Hello

I'm a first year student at Aston University in Birmingham studying Politics and International Relations. I don't like Aston, and I have the option of transferring to Surrey for the second year. I applied there because I nearly adjusted up to it on results day last year, and I've been to the place and it seems pretty good. Regardless of my short term instincts, I'm interested to know what my employment prospects are following graduation from either of these universities. Here is what I know so far:

Surrey is a higher ranking university, so presumably my prospects are better.

On the other hand, I would be throwing away some opportunities by bailing out on Aston. I can potentially be in charge of a society next year if I stay, I can be a Peer Mentor and be a Student Ambassador. At Surrey I'd be new and therefore I probably wouldn't be able to stride in and do stuff like that.

I think this boils down to one question - is the status of a university or individual achievement more important?

Thanks
Rob
Both are important but honestly, Aston to Surrey is not such a huge leap so you'd probably be better to stay at Aston with lots of ECs.

If you had a chance to go to Oxbridge/LSE etc then the reputation is probably enough to sway the decision that way.
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wanderlust.xx
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Individual achievement is what ultimately gets you a job, not your degree. The fact that people graduating from Oxbridge do go onto great careers is not thanks to the institutions, but rather their difficulty and therefore, the relative strength of the graduate.

In real world terms, the reason why you have interviews for graduates is because there's a huge difference between people who have a 2:1. In maths, for example, from the same uni, you might have two people with a 2:1, where one worked long hours to understand the material and never saw the merit in talking to people, and another who barely worked and liked doing things with others.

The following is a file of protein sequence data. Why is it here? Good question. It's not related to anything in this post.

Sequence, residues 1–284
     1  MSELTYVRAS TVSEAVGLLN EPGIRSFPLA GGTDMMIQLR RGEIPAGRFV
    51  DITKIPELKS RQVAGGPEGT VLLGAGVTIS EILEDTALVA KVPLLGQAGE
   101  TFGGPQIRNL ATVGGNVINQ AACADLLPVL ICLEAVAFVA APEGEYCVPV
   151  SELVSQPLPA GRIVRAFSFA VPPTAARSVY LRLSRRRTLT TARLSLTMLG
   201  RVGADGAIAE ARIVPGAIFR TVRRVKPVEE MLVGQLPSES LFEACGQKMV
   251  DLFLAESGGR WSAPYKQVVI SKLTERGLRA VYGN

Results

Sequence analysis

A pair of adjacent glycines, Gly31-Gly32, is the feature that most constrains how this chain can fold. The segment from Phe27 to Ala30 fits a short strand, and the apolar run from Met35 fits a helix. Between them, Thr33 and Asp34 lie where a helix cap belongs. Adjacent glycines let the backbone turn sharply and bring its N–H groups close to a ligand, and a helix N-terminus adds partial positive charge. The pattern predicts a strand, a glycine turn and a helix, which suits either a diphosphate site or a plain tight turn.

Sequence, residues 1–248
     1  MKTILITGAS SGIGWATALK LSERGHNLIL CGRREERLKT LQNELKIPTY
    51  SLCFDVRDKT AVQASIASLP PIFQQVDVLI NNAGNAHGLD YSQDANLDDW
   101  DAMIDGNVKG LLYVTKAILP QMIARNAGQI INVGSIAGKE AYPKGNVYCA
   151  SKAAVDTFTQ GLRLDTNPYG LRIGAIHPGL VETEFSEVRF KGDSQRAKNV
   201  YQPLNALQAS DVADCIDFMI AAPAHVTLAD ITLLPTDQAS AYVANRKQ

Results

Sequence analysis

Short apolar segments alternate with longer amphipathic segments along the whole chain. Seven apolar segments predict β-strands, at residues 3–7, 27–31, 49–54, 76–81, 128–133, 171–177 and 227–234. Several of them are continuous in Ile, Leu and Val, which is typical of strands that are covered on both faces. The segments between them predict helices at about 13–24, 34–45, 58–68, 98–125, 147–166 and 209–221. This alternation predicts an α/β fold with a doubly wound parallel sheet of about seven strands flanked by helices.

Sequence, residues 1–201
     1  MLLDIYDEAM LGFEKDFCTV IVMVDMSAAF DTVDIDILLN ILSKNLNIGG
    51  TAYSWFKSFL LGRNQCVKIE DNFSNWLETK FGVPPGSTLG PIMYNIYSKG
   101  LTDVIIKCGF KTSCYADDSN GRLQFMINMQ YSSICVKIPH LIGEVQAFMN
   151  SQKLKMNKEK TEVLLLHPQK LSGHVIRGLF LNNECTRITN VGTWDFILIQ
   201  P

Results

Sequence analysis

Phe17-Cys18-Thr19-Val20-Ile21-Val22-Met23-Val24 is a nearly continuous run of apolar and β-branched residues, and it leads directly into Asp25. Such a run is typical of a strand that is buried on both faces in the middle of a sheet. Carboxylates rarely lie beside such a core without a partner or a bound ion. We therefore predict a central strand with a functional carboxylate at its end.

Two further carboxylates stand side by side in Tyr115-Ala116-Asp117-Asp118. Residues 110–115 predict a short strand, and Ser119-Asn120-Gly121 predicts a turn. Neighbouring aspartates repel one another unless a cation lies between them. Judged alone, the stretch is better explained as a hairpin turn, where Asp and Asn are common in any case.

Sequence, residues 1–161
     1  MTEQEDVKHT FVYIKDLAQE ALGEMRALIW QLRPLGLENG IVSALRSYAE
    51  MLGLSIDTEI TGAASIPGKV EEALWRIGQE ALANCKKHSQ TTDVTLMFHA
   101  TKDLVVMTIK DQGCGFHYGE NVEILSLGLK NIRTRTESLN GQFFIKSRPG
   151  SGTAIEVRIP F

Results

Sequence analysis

Who would be the better candidate for, say, a pricing analyst, or perhaps a business analyst? On the face of it they seem like similar roles, but a pricing analyst would have quite numerically technical work that requires strong willpower, whereas the business analyst might get client focused issues that require phone calls and good people skills.

I suppose what I'm trying to say is that it depends on the person, not the uni they came from.
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beerbaitedballs
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I'd agree with what has been said.

If the leap is big enough it can be beneficial to move, I can see your dilemma as Surrey does rank higher, certainly in politics. However Aston isn't the bottom 5 or anything extreme nor is Surrey top 5. Your individual achievements will help separate you and give you a tick in the box.

I remember a telephone interview with HP for one of their graduate schemes, she seemed more interested in me being a class rep and on the student representative council than any other aspect of my studies. However you don't need to be head cheese of a society, just being an active member can be enough.